The Current Buzz
If you are
like me, you have been hearing a lot of buzzing when you are outside. When I
finally find the source of the buzzing, it almost always ends up being some
sort of bee or a wasp. There are a number of different species of bees that we
are all familiar with. Two of the more common ones that can be confused easily
are carpenter bees and bumble bees.
spring and early summer you may notice large, black bees hovering around the
outside of your home. Often times, these are carpenter bees looking for a mate
and a place to construct their nests. Carpenter bees and bumble bees are
roughly the same size. However, the upper surface of carpenter bees’ abdomens
are bare, shiny, and black. Bumble bees have hairy abdomens with some yellow
markings on them.
bees will actually lay their eggs in tunnels that they drill in bare,
unpainted, or weathered softwoods. Sometimes they will attack painted or
pressure-treated wood. Bumble bees on the other hand will develop nests in the
Because of the
impact carpenter bees have on homes and other wood products that homeowners
cherish, Extension Educators are often asked how to control them. There are a
few different ways that can be achieved. The first is to paint any exposed wood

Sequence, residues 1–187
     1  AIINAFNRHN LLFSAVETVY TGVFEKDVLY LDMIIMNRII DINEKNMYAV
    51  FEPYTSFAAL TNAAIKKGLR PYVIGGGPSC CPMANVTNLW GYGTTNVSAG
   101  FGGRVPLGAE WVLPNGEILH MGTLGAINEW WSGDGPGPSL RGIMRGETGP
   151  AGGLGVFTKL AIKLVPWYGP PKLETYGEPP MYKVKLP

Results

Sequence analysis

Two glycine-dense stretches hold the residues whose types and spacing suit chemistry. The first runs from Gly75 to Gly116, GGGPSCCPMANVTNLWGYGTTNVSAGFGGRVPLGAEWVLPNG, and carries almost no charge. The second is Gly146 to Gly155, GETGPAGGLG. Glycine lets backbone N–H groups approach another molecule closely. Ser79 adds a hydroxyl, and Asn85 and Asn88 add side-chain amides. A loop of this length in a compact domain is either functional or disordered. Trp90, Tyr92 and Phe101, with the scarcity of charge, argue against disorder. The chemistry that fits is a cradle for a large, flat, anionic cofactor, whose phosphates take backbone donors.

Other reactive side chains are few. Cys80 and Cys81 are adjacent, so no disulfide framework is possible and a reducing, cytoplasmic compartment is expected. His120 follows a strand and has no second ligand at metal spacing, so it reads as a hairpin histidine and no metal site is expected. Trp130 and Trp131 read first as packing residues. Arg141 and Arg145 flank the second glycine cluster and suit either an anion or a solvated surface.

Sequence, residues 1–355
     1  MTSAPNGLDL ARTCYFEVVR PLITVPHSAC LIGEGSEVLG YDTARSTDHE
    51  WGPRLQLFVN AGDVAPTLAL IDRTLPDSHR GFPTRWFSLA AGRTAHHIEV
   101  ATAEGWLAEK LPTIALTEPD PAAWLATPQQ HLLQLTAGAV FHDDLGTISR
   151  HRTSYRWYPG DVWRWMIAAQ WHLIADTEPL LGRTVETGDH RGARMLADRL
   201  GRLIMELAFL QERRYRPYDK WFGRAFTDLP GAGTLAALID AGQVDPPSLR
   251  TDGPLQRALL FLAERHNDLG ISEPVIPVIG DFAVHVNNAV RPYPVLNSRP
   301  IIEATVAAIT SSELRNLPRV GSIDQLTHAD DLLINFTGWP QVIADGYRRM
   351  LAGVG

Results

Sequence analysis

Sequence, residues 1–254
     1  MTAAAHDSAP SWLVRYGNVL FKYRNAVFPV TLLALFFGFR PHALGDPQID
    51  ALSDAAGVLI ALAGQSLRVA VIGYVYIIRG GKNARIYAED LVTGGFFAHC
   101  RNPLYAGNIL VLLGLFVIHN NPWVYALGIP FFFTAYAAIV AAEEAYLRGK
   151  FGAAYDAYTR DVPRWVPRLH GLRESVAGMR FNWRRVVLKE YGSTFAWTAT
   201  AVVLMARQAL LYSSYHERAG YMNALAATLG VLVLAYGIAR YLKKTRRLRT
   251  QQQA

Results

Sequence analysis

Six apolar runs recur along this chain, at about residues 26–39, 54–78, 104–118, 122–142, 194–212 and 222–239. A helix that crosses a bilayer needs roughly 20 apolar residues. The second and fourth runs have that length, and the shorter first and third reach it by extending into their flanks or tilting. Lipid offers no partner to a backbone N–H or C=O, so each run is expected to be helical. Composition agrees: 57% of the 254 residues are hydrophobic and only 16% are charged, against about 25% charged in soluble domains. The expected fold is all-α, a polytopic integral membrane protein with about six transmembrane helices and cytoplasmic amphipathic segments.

surfaces. When compared to paint, wood stains and preservatives are not as
effective in preventing carpenter bees from attacking the wood. Additionally,
to prevent some nesting from occurring, try to keep all garage and outbuildings
closed when carpenter bees are actively searching for nesting sites.
If your wood
is already being attacked by carpenter bees, then one possible control method
is using a liquid spray. Typically you would use a spray that has carbaryl,
chlorpyrifos, or a synthetic pyrethroid in it. The effectiveness of liquid
sprays runs about one to two weeks. So
it might be important to retreat several times throughout the season.
If you can
already see tunnels, then you might treat using an insecticidal dust. You would
do this by puffing the insecticidal dust into the nest opening. Do not plug the
tunnel up as soon as you treat it. Instead, leave it open for a few days. This
allows the bees to come into contact and distribute the insecticide throughout
the nest galleries. After a few days have passed, plug the hole with a piece of
wood coated with carpenter’s glue or use wood putty.
approaches can be used when dealing with bumble bees. With bumble bees, apply
the insecticidal dust in the evening or at night. You apply the dust to the
entry of the nest once you locate it. While applying the dust, please wear a
long sleeved shirt and long pants, tie your sleeves of your arms down against
your wrists, and pull your socks over your pant legs. By doing so, you will
help prevent a bumble bee from attaching you or getting stuck in your
remember when using any insecticide, you need to read and follow all label
instructions. As always, if you have any questions or would like information on
any agriculture, horticulture, or natural resource topic, then please contact
your local Purdue Extension Office at 448-9041 in Clay Co. or 829-5020 in Owen
Co. or reach me directly at firstname.lastname@example.org.
is an equal opportunity/equal access/affirmative action institution.
opportunities available to you through Purdue Extension include:
June 5 - Clay County Extension Board Meeting, 7pm, Clay Co. Extension Office
June 6 – Owen County Extension Board Meeting, 6:30pm, Owen Co. Extension Office